County officials have been talking for years about the need to safeguard our water supplies and build interconnections to make mutual aid easier.
Until a relatively minor fire created a crisis in suburban Maryland, it seemed nobody was listening.
It wasn't until water supplies dwindled, and in some cases ran out, that water suddenly became Topic A. We don't like to have our lives disrupted, even temporarily.
Some who were voluntarily reducing their use of water were incensed when they saw others wasting it. Police switchboards were flooded with complaints. One man who stopped for gas in Bethesda and saw a service station attendant washing a car said. "I felt like punching him in the nose. If I were 20 years younger, I would have."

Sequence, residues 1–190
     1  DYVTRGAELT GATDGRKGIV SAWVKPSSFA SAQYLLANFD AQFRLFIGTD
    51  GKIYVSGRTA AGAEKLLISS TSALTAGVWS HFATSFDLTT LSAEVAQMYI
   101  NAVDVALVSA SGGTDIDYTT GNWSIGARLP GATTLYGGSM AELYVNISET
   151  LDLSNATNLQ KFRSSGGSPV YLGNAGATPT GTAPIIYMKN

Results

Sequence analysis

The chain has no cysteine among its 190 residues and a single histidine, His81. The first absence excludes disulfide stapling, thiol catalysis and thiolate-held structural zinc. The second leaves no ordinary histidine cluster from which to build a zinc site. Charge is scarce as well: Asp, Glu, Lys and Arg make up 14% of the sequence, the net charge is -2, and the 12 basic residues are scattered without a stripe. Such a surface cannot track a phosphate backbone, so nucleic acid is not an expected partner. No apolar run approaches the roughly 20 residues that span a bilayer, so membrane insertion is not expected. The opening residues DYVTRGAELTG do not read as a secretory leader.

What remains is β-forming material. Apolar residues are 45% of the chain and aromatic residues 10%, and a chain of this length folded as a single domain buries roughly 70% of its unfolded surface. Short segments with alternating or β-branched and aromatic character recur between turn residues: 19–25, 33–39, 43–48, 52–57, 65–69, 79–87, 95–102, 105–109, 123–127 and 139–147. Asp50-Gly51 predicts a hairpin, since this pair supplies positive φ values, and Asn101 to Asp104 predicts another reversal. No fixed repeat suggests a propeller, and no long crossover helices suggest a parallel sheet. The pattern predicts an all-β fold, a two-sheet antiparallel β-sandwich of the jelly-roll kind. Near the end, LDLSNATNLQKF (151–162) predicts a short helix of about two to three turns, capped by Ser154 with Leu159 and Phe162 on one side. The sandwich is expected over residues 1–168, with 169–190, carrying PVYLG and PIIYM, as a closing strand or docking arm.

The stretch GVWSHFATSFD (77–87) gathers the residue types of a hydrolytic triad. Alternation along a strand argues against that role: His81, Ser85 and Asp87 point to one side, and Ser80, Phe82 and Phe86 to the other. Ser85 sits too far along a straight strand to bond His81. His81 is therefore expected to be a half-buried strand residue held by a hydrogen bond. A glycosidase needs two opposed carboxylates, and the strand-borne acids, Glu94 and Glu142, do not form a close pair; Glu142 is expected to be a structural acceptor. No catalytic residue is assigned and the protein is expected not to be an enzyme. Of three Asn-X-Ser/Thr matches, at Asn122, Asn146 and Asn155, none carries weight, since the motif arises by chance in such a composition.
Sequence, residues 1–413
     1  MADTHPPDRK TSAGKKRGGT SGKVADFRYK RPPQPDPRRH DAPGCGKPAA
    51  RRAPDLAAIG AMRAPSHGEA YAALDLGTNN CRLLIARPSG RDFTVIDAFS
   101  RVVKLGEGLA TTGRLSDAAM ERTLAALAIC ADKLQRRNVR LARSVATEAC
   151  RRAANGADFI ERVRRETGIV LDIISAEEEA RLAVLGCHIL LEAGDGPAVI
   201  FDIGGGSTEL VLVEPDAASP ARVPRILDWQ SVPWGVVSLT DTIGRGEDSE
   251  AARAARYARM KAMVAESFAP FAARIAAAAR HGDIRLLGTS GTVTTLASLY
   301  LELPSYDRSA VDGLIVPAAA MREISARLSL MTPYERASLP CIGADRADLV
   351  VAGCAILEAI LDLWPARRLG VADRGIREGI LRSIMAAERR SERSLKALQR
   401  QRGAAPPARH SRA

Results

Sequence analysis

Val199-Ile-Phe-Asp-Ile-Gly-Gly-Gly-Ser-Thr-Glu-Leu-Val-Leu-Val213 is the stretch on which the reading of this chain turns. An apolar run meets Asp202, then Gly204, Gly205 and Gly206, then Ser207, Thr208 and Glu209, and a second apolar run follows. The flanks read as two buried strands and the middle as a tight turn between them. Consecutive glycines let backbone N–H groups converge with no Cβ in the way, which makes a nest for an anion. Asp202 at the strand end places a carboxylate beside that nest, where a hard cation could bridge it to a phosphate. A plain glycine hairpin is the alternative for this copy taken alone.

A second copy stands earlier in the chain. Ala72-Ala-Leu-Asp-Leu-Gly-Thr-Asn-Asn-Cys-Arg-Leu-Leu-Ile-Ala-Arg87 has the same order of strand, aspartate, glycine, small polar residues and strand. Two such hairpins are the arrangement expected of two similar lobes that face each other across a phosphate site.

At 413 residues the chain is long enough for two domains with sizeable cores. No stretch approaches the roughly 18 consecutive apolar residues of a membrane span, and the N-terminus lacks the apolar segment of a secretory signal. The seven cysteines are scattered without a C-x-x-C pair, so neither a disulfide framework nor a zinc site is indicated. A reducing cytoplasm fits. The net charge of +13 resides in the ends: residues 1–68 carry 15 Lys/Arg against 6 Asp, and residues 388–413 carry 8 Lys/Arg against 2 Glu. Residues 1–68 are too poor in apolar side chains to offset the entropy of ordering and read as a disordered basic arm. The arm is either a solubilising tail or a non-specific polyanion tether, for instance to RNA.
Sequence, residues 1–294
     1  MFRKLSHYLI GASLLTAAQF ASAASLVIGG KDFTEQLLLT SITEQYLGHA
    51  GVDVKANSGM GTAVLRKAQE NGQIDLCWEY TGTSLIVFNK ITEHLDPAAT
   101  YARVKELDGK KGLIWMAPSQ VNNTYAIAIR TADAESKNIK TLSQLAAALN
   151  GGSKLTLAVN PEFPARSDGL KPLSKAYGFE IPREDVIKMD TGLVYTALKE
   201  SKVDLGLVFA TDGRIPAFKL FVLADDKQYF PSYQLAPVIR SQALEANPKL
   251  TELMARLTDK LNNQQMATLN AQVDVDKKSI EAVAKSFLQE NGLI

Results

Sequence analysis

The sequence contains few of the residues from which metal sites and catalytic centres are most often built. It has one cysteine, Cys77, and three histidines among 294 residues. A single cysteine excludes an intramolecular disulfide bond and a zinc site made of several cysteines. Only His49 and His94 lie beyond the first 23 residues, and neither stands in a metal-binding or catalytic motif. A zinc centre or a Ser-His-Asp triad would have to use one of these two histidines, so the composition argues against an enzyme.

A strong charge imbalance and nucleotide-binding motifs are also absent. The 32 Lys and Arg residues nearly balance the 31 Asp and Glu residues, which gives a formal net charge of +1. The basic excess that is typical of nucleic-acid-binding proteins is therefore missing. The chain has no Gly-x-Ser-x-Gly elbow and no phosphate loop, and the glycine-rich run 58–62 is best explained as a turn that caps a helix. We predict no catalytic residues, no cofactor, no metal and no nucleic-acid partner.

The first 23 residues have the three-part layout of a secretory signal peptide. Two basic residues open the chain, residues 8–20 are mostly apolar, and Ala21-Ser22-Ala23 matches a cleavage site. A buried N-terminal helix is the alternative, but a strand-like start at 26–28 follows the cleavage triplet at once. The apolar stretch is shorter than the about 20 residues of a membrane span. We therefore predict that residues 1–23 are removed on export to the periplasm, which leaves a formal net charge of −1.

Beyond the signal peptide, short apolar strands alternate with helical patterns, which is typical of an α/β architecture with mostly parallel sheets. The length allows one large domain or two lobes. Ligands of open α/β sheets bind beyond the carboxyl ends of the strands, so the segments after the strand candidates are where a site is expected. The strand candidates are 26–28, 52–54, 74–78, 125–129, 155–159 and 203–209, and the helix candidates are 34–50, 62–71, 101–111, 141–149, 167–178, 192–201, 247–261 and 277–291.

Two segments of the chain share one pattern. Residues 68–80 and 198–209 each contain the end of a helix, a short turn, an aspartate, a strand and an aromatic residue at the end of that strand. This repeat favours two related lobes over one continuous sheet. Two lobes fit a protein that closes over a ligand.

Even among those who take life more philosophically, the water shortage was a chief topic of conversation, if only to pass along the latest joke. One that made the rounds was, "I understand two Boy Scouts were mugged for their canteens this morning."
As these lines are being written, the word from officials is that by Friday things may be getting back to normal. I wonder whether this means that by Saturday we will be back to our usual uninterest in providing for the future.
I hope not, but I'm afraid we will be. Why fix the roof when it's not raining?